9 Artworks From Artnet’s Gallery Network That Our Experts Are Loving This Week

Each week, our gallery liaisons share their favorite works from the Artnet Gallery Network.

Maja Ruznic, Tongue Mountain (2017). Courtesy of Tayloe Piggott Gallery.
Maja Ruznic, Tongue Mountain (2017). Courtesy of Tayloe Piggott Gallery.

Every week, we explore the thousands of galleries on the Artnet Gallery Network to highlight the spaces and artworks inspiring us right now. Take a look at our latest picks below.

Dodo
Honeymoon
Kunkel Fine Art
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Dodo, Honeymoon (1929). Courtesy of Kunkel Fine Art

Dodo, Honeymoon (1929). Courtesy of Kunkel Fine Art

This romantic drawing was created in 1929 by the German artist known as simply as Dodo —  it’s thought to be a self-portrait of the artist and her husband. Born as Dörte Clara Wolff in 1907, Dodo married the Jewish lawyer and notary Dr. Hans Bürgner in 1929. I like the intimate atmosphere and sense of wedded harmony that this drawing radiates.
Alexandra Schott

Maja Ruznic
Soil Whisper
Tayloe Piggott Gallery
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Maja Ruznic, Soil Whisper (2017). Courtesy Tayloe Piggott Gallery.

Maja Ruznic, Soil Whisper (2017). Courtesy Tayloe Piggott Gallery.

I’m a big fan of Bosnian-born artist Maja Ruznic’s works. The way she skillfully dilutes her paint into the linen canvas and loosely outlines the bodies of two figures reminds me of a watermarked old photograph. Ruznic refers to this technique as “the drunken hand”. Right now her work is on view in a group show at Upper East Side gallery, Harper’s Apartment until February 29th.
Cristina Cruz

Jim Dine
Untitled (Single Venus)
F.L. Braswell Fine Art
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Jim Dine, Untitled (Single Venus) (1984). Courtesy F.L. Braswell Fine Art.

Jim Dine, Untitled (Single Venus) (1984). Courtesy F.L. Braswell Fine Art.

Jim Dine has a way of reimagining the familiar. Here, it’s the Venus de Milo one of the most famous sculptures of the Hellenistic period, but pictured headless and stripped of any implied narrative.
Karin Petit

Sandra Vásquez de la Horra
Fata Morgana
Lullin + Ferrari
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Sandra Vásquez de la Horra, Fata Morgana (2019). Courtesy of Lullin + Ferrari.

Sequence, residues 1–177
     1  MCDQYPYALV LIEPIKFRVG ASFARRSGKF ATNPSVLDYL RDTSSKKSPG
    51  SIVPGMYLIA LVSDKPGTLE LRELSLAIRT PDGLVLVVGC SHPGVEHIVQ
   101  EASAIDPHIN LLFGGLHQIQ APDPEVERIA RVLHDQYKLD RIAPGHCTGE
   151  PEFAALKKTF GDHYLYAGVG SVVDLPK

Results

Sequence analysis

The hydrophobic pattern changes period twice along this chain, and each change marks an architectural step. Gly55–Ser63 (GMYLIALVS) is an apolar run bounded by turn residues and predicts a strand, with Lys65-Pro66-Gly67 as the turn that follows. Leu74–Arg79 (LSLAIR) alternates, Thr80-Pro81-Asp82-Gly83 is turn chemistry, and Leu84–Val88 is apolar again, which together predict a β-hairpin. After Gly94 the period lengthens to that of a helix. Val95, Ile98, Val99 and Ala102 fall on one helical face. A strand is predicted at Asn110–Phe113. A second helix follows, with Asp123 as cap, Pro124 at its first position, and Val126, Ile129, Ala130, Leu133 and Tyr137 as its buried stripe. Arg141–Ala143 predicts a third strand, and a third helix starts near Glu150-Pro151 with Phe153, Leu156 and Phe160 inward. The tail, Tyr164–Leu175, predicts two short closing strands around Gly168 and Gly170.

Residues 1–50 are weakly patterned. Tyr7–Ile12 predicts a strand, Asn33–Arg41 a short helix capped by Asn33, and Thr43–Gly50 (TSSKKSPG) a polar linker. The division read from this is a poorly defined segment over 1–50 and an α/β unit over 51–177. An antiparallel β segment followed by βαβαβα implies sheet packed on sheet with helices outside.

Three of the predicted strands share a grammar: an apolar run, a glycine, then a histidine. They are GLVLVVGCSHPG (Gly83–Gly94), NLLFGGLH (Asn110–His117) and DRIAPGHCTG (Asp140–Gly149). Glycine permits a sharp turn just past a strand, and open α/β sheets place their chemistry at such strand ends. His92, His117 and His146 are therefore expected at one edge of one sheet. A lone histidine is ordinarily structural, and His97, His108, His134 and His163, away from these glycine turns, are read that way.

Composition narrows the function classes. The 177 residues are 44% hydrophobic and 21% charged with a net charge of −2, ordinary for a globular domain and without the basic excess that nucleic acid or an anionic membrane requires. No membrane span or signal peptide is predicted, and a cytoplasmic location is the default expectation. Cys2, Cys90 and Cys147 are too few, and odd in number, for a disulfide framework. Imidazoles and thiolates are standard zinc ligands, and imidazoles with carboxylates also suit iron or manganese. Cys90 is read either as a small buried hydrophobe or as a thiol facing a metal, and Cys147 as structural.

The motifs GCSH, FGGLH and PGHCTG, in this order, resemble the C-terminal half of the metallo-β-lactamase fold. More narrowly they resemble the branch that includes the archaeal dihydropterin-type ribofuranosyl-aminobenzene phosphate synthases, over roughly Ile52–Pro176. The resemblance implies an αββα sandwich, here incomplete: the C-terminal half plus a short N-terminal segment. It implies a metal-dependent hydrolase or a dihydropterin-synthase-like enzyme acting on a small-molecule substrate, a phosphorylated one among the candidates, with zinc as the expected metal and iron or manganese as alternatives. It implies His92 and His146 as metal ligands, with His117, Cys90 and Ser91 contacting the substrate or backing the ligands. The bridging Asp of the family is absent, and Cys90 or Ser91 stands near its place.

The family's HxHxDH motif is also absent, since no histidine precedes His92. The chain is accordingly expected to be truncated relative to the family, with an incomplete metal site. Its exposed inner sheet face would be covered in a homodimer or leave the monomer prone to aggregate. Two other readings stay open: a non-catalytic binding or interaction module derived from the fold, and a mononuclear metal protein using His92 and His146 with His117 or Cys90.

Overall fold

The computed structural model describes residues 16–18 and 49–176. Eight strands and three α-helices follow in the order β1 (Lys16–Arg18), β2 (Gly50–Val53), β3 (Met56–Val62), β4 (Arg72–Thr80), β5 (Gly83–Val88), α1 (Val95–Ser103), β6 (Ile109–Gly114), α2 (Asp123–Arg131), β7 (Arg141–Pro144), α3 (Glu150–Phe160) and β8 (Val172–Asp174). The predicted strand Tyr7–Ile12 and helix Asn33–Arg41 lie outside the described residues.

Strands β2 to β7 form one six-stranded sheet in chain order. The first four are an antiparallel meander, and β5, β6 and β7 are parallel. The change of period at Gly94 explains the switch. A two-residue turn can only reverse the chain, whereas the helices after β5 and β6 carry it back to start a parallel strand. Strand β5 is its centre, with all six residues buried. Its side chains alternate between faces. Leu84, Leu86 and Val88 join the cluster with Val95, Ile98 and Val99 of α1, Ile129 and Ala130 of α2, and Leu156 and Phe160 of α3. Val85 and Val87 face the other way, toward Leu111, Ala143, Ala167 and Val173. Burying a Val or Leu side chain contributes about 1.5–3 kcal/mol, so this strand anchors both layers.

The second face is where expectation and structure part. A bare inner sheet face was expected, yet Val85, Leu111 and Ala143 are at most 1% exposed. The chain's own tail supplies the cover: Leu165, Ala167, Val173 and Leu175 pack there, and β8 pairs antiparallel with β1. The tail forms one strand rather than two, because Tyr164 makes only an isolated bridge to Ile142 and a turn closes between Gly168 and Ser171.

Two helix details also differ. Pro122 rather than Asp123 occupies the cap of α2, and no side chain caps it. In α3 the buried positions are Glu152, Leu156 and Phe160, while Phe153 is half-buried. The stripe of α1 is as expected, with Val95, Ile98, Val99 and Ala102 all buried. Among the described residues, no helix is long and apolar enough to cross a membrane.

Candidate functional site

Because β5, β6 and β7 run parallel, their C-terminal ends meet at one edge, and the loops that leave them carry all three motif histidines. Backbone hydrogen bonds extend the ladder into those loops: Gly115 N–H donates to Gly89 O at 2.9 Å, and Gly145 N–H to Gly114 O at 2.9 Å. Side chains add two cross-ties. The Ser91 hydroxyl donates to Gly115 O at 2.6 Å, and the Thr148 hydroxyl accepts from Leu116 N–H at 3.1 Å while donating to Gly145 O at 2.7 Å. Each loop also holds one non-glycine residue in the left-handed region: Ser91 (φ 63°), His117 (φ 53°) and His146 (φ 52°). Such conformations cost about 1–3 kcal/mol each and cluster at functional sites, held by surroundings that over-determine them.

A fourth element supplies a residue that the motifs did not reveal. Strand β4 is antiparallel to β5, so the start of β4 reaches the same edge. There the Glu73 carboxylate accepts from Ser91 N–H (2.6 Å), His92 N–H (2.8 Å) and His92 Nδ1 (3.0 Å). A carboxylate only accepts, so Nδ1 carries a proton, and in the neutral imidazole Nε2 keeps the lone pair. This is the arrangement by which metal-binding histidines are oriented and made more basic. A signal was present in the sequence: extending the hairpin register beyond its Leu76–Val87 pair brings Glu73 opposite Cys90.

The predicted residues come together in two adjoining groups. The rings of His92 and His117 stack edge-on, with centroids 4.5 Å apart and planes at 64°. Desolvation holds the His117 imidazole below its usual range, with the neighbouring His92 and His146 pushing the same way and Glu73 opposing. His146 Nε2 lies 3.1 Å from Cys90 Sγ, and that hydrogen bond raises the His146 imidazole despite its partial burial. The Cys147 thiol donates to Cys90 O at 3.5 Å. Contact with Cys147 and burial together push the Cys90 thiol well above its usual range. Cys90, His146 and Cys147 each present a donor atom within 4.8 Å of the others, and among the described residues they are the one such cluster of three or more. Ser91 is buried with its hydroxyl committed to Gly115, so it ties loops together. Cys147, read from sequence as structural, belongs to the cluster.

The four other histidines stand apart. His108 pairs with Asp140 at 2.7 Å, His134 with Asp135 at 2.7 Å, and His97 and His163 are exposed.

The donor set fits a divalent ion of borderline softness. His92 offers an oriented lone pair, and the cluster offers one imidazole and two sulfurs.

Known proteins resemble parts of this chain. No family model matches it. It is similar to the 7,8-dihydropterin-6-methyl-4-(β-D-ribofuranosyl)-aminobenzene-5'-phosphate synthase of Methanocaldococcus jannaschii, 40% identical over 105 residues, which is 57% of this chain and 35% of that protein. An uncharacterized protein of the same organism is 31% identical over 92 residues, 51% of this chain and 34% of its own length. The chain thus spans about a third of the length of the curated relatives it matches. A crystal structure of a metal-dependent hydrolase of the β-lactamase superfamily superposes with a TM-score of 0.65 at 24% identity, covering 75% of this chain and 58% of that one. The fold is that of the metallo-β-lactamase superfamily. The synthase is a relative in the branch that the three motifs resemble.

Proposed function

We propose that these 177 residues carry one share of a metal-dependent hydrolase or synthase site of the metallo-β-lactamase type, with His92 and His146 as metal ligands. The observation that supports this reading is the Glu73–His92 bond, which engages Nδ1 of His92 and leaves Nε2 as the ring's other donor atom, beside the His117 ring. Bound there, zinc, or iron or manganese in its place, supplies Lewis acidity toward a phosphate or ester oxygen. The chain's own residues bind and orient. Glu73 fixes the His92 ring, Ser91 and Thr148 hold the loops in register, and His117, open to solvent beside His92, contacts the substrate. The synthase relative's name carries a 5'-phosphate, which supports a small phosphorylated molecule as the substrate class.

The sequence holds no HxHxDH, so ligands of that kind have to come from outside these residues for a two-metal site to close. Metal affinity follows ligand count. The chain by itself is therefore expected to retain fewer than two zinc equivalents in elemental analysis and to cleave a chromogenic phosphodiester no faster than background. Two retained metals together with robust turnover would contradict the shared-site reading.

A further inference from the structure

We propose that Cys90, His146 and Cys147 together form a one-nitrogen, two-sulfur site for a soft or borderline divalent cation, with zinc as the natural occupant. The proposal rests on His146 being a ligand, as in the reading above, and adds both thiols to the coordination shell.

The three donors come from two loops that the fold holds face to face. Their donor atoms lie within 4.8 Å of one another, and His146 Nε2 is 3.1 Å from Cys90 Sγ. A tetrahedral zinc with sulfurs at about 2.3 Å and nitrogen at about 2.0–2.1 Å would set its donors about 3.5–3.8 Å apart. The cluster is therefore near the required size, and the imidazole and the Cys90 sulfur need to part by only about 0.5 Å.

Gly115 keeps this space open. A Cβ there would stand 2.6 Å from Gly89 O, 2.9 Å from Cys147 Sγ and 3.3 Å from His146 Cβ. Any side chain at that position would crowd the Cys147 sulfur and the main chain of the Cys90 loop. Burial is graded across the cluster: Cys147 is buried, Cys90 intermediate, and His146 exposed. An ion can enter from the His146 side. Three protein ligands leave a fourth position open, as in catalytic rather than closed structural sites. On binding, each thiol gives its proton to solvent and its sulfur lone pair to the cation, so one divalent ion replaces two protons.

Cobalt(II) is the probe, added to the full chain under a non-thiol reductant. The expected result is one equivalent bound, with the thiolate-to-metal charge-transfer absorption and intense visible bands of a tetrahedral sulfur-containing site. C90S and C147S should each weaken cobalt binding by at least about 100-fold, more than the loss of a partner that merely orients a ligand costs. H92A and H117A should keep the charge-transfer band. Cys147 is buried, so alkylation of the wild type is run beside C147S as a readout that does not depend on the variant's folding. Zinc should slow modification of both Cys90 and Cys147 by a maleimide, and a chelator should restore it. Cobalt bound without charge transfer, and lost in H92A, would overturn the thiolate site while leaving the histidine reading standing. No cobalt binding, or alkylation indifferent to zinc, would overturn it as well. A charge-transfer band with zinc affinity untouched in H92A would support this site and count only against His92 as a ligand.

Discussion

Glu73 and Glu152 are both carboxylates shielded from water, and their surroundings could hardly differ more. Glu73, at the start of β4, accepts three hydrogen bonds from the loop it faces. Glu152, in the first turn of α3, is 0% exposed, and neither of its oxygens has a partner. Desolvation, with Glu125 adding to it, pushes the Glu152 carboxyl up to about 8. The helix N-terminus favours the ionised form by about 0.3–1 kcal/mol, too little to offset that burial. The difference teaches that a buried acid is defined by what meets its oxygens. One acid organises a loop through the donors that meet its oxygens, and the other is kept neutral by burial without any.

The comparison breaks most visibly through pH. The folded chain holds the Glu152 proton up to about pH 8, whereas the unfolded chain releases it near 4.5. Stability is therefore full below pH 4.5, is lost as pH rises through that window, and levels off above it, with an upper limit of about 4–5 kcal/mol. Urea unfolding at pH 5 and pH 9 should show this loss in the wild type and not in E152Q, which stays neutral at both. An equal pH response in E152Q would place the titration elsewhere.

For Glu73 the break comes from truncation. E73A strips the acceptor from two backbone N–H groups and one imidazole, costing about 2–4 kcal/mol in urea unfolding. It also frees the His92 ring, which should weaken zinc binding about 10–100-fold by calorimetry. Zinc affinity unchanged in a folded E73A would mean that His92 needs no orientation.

Sandra Vásquez de la Horra, Fata Morgana (2019). Courtesy of Lullin + Ferrari.

Sandra Vásquez de la Horra’s Fata Morgana fully lives up to its title claim: it deceives the viewer in its visually confusing combination of the historical with the surreal. The inexplicable pair of naked legs stretched out towards the relaxed-looking Sphinx do not seem to disturb her sense of serenity. And there is no telling who the oversized head reflected in the water belongs to. The whole uncanny scene is imbued with a mystical calm where anything is possible.
Miriam Minak

Sam Gilliam
Clarinet
Emily Friedman Fine Art
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Sam Gilliam, Clarinet (circa 1980). Courtesy of Emily Friedman Fine Art.

Sam Gilliam, Clarinet (circa 1980). Courtesy of Emily Friedman Fine Art.

Sam Gilliam is best known for testing the boundaries of painting through his unconventional manipulations of canvases. This particular Gilliam work stood out to me because of its visual texture and sculptural elements with expressive brushstrokes that evoke a sense of movement.
Qadira Farrington

Stefano Ogliari Badessi
Trabubu VI
The Directed Art Modern
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Stefano Ogliari Badessi, Trabubu VI (2019). Courtesy of The Directed Art Modern.

Stefano Ogliari Badessi, Trabubu VI (2019). Courtesy of The Directed Art Modern.

Stefano Ogliari Badessi’s work takes on many forms, largely dependent on the found materials he’s chosen to create with. His “Trabubu” series are a particular favorite — these playful anthropomorphic creatures are made of fringed silk, and clearly love to dance. Their colors and shapes could exist in many cultural celebrations.
Santiago Garcia Cano

 

Patrick Caulfield
Lampshade
Raw Editions
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Patrick Caulfield, Lampshade (1969). Courtesy of RAW Editions.

Patrick Caulfield, Lampshade (1969). Courtesy of RAW Editions.

British artist Patrick Caulfield is known for his simple, pared-down depictions of everyday objects and interiors. This 1969 screenprint of a lampshade takes something mundane and uses it to hint at the fundamental nature of every artist’s work — coloring and manipulating the light that enters the human eye.
Sara Carson

Jeff Lowe
Dido’s Aria
Pangolin London
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Jeff Lowe, Dido's Aria (2019). Courtesy of Pangolin London.

Jeff Lowe, Dido’s Aria (2019). Courtesy of Pangolin London.

These large scale sculptures are both playful and industrial and engage space and volume in a delightful balance.  As the viewer steps closer to the sculptures to come alive as the sheets of aluminum curve around each other.

—Tara Wyant

 

Rosemarie Trockel
Untitled (Mottenbild)
Galerie Tanit
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Rosemarie Trockel, Untitled (Mottenbild) (1993). Courtesy of Galerie Tanit.

Rosemarie Trockel, Untitled (Mottenbild) (1993). Courtesy of Galerie Tanit.

The title of this conceptual artwork by German artist Rosemarie Trockel implies that the artwork has been created by a moth (motten means moths in German). Looking at the delicate but seemingly accidental traces of white across the canvas, one can imagine a moth fluttering, marking its traces on the surface of the canvas.
Tobias Molitor


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